Tuesday, June 23, 2009

111. A Farewell to Arms – Ernest Hemingway

December 2007
History: A semi-autobiographical novel first published in 1929. The title is taken from a poem by 16th century English dramatist George Peele. Hemingway served as an ambulance driver for the Italian army in World War I. Severely wounded, he recuperated in a Red Cross hospital in Milan where he fell in love with one of his nurses. This relationship proved the model for Frederic and Catherine's tragic romance in A Farewell to Arms.
Plot:. Lieutenant Henry is an American ambulance driver for the Italian army during WWI . While on the Italian front, Frederick Henry is wounded in the knee by a mortar shell and sent to a hospital in Milan. He meets and attempts to seduce Catherine Barkley, a nurse at the hospital, and their relationship begins. Their relationship grows as they spend time together in Milan over the summer. He falls in love with Catherine but is healed, and has to return to the war. Then he returns to his unit, but not long after, the Austro-Germans break through the Italian lines and the Italians retreat. Frederick kills an engineering sergeant for insubordination. After falling behind and catching up again, he is taken to a place by the "battle police" where officers are being interrogated and executed for the "treachery" that supposedly led to the Italian defeat. However, after hearing the execution of a Lt.Colonel, Frederick escapes by jumping into a river. Catherine and Frederick reunite and flee to Switzerland in a rowing boat. They find a small home to raise their child. Frederick and Catherine live a quiet life in the mountains until she goes into labour. After a long and painful labour, their son is stillborn. Catherine begins to hemorrhage and soon dies, leaving Frederick to return to their hotel in the rain.
Review: Here is Hemingway at his pessimestic best. It is an absorbing story, capturing the essence of the great Hemingway writing style: lots of dialogue; short, easy to read sentences; and highly autobiographical. Hemingway imbues both Henry and Catherine with exceptional courage and grace throughout the story. Both are so very lonely and the reader is happy to see them find each other and a bit of themselves in the process of falling in love. Together they seem more capable of dealing with the world around them. They are no longer drifting and in many ways are fighting together and for each other.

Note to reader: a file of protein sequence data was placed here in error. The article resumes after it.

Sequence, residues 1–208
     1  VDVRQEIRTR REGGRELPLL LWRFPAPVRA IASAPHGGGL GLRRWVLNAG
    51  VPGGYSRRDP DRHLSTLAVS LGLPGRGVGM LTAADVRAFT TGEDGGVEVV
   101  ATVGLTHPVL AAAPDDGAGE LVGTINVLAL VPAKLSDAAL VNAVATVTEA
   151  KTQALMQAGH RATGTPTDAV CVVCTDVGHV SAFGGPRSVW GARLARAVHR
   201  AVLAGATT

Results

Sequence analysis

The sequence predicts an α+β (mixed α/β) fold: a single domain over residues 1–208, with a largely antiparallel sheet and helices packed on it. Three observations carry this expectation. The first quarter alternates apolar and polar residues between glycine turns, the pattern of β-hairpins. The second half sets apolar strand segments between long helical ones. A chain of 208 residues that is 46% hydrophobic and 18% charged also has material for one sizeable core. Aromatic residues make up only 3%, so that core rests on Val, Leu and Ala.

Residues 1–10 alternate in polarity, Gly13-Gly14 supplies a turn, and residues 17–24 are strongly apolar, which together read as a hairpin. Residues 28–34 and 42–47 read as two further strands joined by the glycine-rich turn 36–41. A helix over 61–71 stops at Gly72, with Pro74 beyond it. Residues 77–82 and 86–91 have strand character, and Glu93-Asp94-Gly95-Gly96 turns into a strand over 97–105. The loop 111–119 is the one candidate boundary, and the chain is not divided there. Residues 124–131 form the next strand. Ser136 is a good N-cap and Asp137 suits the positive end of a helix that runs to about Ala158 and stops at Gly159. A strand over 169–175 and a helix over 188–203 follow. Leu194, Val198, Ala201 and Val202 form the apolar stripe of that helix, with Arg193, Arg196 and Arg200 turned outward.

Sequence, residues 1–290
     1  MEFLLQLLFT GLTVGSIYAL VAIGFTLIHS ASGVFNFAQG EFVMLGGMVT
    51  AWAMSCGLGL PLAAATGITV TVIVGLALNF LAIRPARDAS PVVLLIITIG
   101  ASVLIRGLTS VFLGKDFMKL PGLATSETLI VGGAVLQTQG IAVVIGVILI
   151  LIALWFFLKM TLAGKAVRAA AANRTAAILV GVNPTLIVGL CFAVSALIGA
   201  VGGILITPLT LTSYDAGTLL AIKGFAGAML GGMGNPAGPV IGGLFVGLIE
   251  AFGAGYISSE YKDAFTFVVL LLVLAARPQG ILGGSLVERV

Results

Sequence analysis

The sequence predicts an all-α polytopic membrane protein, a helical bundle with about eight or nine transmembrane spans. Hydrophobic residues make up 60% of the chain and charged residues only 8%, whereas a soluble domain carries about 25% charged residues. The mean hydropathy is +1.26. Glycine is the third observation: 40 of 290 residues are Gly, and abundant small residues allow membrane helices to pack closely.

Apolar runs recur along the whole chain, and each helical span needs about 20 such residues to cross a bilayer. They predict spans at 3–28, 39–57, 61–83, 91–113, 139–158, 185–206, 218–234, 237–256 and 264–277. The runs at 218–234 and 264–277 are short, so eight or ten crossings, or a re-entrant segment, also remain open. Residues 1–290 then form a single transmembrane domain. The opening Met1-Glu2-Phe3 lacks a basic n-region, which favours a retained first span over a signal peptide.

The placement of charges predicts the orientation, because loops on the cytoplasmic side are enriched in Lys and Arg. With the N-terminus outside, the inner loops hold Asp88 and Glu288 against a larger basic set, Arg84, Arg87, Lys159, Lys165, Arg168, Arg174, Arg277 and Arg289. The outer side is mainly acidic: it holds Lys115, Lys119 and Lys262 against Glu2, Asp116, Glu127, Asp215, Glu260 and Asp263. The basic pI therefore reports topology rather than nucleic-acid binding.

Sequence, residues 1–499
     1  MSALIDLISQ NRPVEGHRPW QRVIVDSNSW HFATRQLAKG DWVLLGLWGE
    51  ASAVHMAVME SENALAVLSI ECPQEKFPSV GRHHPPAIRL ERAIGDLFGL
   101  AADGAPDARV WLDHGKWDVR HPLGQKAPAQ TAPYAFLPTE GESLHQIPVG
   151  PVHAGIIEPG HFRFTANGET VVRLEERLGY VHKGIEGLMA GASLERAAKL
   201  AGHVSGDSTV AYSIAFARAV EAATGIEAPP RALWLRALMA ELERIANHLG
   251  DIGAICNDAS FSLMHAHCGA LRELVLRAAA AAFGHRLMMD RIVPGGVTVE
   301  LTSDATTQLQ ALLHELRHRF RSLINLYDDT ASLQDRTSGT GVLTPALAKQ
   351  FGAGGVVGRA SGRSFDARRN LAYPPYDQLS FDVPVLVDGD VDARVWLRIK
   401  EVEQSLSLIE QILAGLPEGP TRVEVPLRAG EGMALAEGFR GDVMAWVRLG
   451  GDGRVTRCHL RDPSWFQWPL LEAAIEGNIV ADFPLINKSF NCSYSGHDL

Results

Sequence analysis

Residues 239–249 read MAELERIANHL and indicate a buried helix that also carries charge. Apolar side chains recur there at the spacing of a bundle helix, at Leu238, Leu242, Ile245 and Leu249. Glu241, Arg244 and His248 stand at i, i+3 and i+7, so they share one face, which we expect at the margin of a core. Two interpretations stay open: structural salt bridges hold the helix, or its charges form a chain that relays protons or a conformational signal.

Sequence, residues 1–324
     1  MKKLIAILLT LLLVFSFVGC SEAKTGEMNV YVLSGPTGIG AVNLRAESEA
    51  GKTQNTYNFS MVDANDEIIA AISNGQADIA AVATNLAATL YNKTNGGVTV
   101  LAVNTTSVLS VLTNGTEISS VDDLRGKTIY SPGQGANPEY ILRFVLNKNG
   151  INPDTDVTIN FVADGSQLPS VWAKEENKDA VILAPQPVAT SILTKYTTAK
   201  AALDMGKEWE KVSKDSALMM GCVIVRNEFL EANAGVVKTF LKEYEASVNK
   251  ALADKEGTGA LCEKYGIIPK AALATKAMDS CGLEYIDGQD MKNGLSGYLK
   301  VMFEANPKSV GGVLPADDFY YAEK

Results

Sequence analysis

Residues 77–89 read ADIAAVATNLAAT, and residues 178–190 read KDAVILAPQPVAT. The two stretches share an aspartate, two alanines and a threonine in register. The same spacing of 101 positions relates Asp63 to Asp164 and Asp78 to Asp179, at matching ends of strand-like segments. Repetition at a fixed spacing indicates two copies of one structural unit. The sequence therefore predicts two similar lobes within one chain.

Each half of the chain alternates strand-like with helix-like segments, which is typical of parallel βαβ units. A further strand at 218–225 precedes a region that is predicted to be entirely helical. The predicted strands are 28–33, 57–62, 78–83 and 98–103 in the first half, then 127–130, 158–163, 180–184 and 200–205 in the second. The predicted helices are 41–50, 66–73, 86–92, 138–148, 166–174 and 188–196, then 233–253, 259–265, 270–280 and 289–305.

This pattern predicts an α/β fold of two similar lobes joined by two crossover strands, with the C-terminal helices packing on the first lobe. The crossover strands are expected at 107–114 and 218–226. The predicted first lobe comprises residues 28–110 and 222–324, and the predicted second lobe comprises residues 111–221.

Told through Henry's point of view, one gets to experience the tension at the front, the adrenaline rush that comes with running from the enemy, and the camaraderie of the men who are fighting for something they do not understand. All they know is that they would like for the war to be over so they can go home; a common refrain in war. Romance, while it may seem like an odd word to use when speaking of war, is pervasive throughout the story; in the descriptions of the men, the sadness and loneliness that pervade the lives of the individuals at the front, and people waiting at home for them to return.
This is a very sad story.
Opening Line: “In the late summer of that year we lived in a house in a village that looked across the river and plain to the mountains.”
Closing Line: “After a while I went out and left the hospital and walked back to the hotel in the rain.”
Quotes: "War is not won by victory."
Rating: Okay.

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